The unfinished part of the basement has returned to the forefront of my attention. We pulled out the ping-pong table for Jonathan’s birthday party, months ago, which entailed scooting large amounts of stuff out of the way to move it. We then turned around and put it back a few weeks after, which collided with Christmas and those boxes of decorations, which got pulled out and put back, and now—once again—you can barely walk in the unfinished part of the basement. Once again, it’s time to look and think and be ruthless.
My current hang-up with getting rid of things is the thought that I could get money for some of them. Usually I will donate without hesitation, loading up my car for Goodwill and dropping things off while running errands, but these items are such that I keep thinking I might actually be able to sell them. That results in a total hold-up, though, as I think and sort and put off taking pictures and put off placing an ad on Craigslist and on and on….Weeks later, I have to confess that I would probably be much better off just getting the stuff to Goodwill and being done with it, if only for my peace of mind.
In a moment of clarity the other night, I realized that I needed to approach the basement differently. Each time I walk in there, I’m overwhelmed by all the stuff, and I try to think of what I should be getting rid of and what needs to be moved….but I have no plan, no map to lead me in the way I should go. It became suddenly obvious that what I needed to do first was to define what a basement should be used for. In our family, the basement is for storing seasonal decorations, tools, and a few tubs of toys that only came out occasionally. Once that mission was spelled out, the reality of how much junk was in there became apparent. I had already noticed that the basement was where broken things went to die, and once my criteria for basement storage was outlined, all the things that didn’t fall into those categories leapt out at me in a new way. I realized that if I truly had only those items in the basement that fit in my plan, it would look a completely different way—that was eye-opening. It recharged me, and made me ready to attack the room with fresh eyes.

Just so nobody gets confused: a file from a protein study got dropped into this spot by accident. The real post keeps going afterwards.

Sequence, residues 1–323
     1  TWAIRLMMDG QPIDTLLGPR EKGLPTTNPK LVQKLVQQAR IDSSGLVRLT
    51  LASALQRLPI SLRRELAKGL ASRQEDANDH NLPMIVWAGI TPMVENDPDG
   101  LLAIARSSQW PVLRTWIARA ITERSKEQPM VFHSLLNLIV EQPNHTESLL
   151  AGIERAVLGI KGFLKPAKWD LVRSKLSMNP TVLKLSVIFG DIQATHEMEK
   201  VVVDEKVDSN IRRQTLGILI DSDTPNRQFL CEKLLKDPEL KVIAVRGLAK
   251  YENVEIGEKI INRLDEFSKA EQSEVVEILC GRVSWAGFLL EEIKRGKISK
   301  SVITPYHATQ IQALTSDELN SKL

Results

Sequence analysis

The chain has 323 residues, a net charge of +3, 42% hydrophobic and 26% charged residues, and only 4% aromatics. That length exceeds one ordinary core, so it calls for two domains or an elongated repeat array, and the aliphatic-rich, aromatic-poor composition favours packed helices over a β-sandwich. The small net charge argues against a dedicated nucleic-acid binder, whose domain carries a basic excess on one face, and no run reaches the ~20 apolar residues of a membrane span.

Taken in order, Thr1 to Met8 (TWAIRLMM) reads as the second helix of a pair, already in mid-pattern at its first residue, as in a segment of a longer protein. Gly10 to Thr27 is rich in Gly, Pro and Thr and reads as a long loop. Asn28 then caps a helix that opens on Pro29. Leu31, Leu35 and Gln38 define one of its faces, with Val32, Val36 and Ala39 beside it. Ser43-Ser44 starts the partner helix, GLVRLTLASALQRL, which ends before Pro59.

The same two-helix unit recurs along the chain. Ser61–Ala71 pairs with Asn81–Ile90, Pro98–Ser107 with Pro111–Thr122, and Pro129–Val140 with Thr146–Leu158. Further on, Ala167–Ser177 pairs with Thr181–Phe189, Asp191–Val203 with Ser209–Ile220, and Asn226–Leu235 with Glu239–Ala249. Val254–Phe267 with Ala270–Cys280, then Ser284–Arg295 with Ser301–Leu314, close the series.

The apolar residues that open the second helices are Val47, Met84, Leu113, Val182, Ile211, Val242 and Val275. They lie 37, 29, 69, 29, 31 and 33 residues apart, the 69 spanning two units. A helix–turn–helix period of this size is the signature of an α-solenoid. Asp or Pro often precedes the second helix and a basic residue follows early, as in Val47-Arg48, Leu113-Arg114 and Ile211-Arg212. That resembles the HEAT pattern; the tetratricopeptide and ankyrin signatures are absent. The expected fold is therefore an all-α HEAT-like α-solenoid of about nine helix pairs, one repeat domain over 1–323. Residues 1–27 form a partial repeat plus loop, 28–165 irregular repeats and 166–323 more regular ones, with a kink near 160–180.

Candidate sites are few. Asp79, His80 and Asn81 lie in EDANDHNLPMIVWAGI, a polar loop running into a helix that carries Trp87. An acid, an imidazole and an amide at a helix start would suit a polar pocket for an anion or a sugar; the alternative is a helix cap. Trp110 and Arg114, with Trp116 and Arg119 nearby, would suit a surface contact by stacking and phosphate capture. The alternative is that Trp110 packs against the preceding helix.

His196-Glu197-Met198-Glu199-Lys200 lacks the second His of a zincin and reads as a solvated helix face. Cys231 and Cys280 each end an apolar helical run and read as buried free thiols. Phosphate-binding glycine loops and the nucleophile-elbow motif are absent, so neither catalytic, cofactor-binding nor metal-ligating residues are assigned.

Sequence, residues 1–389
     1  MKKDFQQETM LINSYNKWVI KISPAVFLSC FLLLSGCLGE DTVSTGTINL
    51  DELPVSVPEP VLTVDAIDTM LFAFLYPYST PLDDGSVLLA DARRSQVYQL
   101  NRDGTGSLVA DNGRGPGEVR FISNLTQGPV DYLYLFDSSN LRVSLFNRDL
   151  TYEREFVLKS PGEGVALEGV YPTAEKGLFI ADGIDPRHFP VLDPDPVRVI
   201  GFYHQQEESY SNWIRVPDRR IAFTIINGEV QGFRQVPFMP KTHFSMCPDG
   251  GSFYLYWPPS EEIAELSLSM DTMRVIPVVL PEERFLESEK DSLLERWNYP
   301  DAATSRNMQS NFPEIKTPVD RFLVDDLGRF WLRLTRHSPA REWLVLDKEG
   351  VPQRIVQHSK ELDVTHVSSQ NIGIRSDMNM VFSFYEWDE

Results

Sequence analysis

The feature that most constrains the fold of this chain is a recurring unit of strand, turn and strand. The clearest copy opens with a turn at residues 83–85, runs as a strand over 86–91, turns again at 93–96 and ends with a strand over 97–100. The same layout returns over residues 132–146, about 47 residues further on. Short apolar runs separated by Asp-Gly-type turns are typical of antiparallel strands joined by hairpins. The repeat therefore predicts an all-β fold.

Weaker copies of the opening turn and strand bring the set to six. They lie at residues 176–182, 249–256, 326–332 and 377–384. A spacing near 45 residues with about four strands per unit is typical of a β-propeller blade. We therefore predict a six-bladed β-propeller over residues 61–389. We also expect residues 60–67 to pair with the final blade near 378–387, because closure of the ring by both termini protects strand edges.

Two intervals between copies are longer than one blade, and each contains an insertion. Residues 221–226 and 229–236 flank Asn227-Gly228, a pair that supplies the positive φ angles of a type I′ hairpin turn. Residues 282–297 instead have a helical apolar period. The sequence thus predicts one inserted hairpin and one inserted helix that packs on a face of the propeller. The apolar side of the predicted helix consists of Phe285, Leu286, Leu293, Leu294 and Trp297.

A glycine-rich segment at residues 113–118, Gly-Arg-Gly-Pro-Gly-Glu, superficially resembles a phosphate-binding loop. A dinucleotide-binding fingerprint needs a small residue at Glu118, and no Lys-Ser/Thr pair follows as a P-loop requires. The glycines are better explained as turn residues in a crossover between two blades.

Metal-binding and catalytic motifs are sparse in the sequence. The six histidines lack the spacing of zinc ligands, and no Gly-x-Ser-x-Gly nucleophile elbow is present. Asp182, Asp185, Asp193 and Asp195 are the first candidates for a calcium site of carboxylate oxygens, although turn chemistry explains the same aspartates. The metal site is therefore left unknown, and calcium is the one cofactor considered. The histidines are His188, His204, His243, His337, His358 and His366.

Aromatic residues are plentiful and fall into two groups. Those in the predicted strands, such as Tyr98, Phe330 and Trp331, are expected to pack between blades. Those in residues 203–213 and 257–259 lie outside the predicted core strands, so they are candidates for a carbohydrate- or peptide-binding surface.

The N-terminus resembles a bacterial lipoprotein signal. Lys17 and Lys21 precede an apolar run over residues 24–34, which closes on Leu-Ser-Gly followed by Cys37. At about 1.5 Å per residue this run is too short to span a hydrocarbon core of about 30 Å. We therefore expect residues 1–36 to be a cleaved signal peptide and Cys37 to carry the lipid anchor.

This same plan of attack can be used for each room in your home. What is this room’s purpose? What do we do here? What is the room used for most frequently? With those questions guiding you, begin to outline what should belong in the room and what makes no sense there. By defining a room’s purpose, I can see more clearly that magazines don’t belong in the kitchen, boxes of markers and colored pencils don’t belong in the living room, and Legos don’t belong in the dining room. (Actually, we’ve adapted to Legos in the dining room, but that’s another story.)
To use another example, take our garage, which is another area where things get dumped and never leave. What should our garage be used for? Storing two cars, gardening supplies and tools, and bikes and some sports equipment. The swimming toys that got dropped in the corner this past summer should be living somewhere else (seasonal storage is in the basement, remember?), ancient (“antique?”) fishing rods need to be gotten rid of (we don’t fish!), and while storing basketballs here makes sense, do we really need three? Especially since we no longer have a basketball hoop?
Remember that your plan for your room may be different; each family uses the rooms in their home differently. Set your family’s mission for each room, and make sure each item in the room serves that mission. When everything has a “home,” it’s much easier to put everything away. Remember, also, that other family members need to have a say in what is going on. When it became clear that the dining room was the room of choice to build with Legos, I got a couple of pretty baskets to set on the bottom shelf of a cabinet. When we need the room, the toys go in the baskets; it takes about two minutes to clean up. We use that room rarely enough that the kids can enjoy spreading out and having a place to set up and not have to tear down every thirty minutes. So be ready and willing to adapt and work with the others in your home—it’s their home, too. Even if it means the dining room is referred to as “the Lego room” by your youngest child.